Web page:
TORONTO (Hollywood Reporter) - Clint Eastwood continues his search for challenging stories that delve into extreme reaches of the human condition in "Hereafter," a globetrotting inquiry into the nature of the afterlife.
The film also marks an unexpected turn in the screenwriting of Peter Morgan, away from his survey of political personalities in such films as "The Queen" and "Frost/Nixon" and into metaphysical speculation. The film never is less than intriguing, right from its tour de force opening sequence, and often full of insights into why people long for answers, sometimes with great urgency.
By now Eastwood has established a reputation for the unexpected, so his admirers -- "fans" no longer seems the right word -- plus anyone curious about the subject matter certainly will line up when Warner Bros. releases the film domestically October 22. The film should do very well in Europe next year as well.
One would expect such subjects as mortality and the afterlife would mean a contemplative, even moody piece. But Morgan has planted a sense of immediacy within these international stories about three people searching for answers. Strange as it sounds, the film reminds a little of old Claude Lelouch movies -- and not just because Marthe Keller, looking wonderful, shows up in one sequence -- because Morgan's story plays with fate and destiny as people's paths eventually cross after incidents in different parts of the world send them on a collision course.
A tsunami tears through a tropical beach town, causing a French television news anchor (Cecile de France) to have a near-death experience. An otherwise normal American (Matt Damon) desperately wants to flee his "curse," a psychic ability to communicate with the dead. Two twin boys in London are inseparable until they are separated by death, leaving the shyer, more dependent brother (Frankie McLaren) desperate to reach beyond the grave for assurance.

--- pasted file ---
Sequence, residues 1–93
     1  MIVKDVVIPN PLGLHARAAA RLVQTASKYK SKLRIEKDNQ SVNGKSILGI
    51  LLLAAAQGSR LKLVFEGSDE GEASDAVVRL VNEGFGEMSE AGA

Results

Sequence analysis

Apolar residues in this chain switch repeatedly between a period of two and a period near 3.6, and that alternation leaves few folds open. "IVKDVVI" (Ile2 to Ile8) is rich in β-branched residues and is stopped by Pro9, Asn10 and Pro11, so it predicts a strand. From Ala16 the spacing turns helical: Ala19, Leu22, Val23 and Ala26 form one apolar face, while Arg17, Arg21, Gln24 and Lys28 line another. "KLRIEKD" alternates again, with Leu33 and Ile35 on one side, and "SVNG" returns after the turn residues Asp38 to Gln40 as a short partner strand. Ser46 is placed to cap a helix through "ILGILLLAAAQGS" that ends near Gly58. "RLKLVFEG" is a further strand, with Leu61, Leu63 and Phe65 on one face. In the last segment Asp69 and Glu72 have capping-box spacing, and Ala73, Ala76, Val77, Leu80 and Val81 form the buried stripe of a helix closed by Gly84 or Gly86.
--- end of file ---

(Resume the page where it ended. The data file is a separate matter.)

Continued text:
Each story has its own subplots and captivating characters. The French woman, something of a celebrity, is in a relationship with her married producer (Thierry Neuvic). The experience has so shaken her that he suggests she take time off to write a political book. She does, but her writing veers off course as she investigates scientists who research the afterlife and the stigma attached to their work.
The psychic aches to get out of the "reading" business, but his brother (Jay Mohr) knows a gold mine when he sees it, and a fledgling relationship with a bright, pretty woman (Bryce Dallas Howard) falls apart because of his unwanted ability.
The twins' mother (Lyndsey Marshal) is a junkie. Following the death of the "older" brother (George McLaren), social workers and even the mother finally agree that his brother must go into foster care while she rehabs. It couldn't happen at a worse time for the lad.
All three stories have a sense of urgency: these are people tormented by the inexplicable. Eastwood establishes their stress but never hurries the film. Many absorbing moments dot the movie that luxuriate in situations and details, such as a cooking class where the psychic meets a potential lover or a London Underground sequence where an enigmatic event rescues the brother.
Eastwood's actors underplay what has potential for hokey melodrama. Indeed, the film nimbly maneuvers through territory few American films enter. Perhaps for good reason: Remember the debacle of "What Dreams May Come?"
Even with all this, the ending is a letdown. It's too facile, too ... well, Lelouch, as a matter of fact. One wants a film dealing with the ultimate metaphysical issue to end on a more profound note than the finish Morgan comes up with. However, it certainly will give audiences something to debate on the way home. As with "Letters From Iwo Jima" and "Million Dollar Baby," Eastwood has made a movie that shakes up the whole notion of what studio movies can be. A final note: Eastwood's lilting musical score is among his best.